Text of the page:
108. Memorandum of a Conversation Between Secretary of State Dulles and Foreign Minister Macmillan, 10 Downing Street, London, August 21, 19561
As I was leaving Sir Anthony Eden’s Reception last night, Harold Macmillan said he would like to speak to me privately. We went into one of the private rooms. Macmillan asked first of all whether I planned to stay on as Secretary of State. He said that he was thinking of perhaps going back to take over the Foreign Office in the reasonably near future and that his decision in this matter would be influenced by whether I would be his vis-à-vis in the United States. He spoke of the very happy relations we had together when we were both Foreign Ministers and that he would very much like to renew this.
I said I had no definite plans but that it was a pretty gruelling job and that I did not expect to stay on indefinitely. Probably if [Page 249]President Eisenhower were re-elected as anticipated, there would be no immediate change.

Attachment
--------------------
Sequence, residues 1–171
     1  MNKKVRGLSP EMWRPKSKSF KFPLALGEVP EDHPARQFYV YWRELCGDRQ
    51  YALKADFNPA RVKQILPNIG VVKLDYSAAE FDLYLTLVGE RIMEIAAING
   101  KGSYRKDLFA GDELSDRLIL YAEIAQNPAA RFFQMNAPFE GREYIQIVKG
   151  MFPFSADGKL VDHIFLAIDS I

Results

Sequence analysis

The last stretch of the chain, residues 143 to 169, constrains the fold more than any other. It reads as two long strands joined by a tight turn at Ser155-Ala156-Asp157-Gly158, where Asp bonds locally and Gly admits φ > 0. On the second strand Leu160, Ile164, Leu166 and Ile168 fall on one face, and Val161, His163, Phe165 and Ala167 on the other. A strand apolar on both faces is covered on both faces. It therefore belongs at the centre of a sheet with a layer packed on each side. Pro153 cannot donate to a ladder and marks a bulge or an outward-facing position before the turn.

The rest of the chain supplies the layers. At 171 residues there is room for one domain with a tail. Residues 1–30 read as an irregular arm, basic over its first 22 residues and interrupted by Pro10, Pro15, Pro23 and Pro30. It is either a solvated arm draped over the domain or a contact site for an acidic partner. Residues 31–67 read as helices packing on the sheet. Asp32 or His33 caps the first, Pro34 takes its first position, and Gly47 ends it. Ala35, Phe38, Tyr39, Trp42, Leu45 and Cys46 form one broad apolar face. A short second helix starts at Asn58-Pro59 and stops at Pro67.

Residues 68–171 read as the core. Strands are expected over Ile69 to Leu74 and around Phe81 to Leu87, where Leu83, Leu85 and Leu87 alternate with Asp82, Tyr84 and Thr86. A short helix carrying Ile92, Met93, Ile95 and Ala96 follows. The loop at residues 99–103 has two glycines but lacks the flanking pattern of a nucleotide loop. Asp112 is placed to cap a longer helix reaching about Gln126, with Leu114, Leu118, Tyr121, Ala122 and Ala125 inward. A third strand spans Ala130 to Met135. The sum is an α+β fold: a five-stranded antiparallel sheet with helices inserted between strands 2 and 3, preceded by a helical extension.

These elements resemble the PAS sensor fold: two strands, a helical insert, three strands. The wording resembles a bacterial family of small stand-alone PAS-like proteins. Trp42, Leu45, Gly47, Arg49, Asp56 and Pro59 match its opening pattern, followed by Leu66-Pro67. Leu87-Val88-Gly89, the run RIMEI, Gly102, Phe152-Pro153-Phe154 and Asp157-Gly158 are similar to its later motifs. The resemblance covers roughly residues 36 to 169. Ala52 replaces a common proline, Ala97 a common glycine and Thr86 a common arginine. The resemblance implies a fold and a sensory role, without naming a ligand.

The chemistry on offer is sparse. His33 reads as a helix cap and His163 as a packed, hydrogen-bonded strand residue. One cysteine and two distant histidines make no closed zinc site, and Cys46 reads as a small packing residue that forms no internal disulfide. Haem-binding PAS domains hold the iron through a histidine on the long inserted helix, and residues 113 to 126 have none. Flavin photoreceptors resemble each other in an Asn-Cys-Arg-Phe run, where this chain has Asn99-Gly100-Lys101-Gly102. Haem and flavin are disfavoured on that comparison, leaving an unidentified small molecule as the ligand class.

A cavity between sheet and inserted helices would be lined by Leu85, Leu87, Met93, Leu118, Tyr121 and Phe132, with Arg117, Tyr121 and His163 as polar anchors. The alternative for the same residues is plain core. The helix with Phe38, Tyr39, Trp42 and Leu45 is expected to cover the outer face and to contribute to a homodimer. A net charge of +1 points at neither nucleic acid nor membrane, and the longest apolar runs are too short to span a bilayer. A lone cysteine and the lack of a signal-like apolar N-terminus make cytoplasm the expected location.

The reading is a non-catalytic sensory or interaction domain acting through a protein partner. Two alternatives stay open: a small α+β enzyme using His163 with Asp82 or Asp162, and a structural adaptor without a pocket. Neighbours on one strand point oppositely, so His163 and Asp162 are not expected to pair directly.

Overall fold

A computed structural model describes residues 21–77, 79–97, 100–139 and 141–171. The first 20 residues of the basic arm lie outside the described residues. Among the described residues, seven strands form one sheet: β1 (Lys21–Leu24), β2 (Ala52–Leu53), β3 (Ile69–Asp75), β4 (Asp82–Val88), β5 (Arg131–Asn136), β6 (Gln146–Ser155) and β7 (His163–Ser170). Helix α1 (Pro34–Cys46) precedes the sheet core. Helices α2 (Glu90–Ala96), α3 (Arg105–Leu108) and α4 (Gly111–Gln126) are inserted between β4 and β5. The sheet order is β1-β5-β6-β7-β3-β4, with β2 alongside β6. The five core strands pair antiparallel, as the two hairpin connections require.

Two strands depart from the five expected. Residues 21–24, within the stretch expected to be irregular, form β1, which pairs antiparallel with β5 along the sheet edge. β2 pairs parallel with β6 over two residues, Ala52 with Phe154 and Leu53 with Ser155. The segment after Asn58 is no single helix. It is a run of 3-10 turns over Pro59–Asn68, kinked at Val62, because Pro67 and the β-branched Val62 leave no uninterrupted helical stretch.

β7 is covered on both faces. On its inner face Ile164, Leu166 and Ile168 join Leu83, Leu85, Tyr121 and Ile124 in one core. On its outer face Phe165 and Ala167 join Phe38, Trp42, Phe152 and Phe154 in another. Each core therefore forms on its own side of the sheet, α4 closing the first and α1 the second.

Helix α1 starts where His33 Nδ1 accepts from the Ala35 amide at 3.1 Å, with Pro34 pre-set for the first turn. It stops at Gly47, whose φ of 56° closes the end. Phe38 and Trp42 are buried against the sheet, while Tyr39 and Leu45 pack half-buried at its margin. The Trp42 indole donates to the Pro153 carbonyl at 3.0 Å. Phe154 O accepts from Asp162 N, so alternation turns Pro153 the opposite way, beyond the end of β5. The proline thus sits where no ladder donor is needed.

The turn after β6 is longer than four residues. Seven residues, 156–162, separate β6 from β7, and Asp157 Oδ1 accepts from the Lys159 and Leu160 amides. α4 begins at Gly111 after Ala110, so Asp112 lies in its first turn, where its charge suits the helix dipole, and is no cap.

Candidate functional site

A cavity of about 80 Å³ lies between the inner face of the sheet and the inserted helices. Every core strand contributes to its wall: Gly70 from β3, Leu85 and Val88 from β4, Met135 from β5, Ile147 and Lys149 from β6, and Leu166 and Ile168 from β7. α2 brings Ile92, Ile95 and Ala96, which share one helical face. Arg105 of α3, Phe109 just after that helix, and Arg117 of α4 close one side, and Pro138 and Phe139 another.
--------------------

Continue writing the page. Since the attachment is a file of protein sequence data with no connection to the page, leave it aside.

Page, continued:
Macmillan then urged me most strongly to take on the negotiation with Nasser. He said he did not have confidence that anybody else could pull it off. He was particularly concerned with the idea of their going to Cairo. He would have no fear if I should go to Cairo, but he felt that the atmosphere would almost surely influence others to weaken unduly.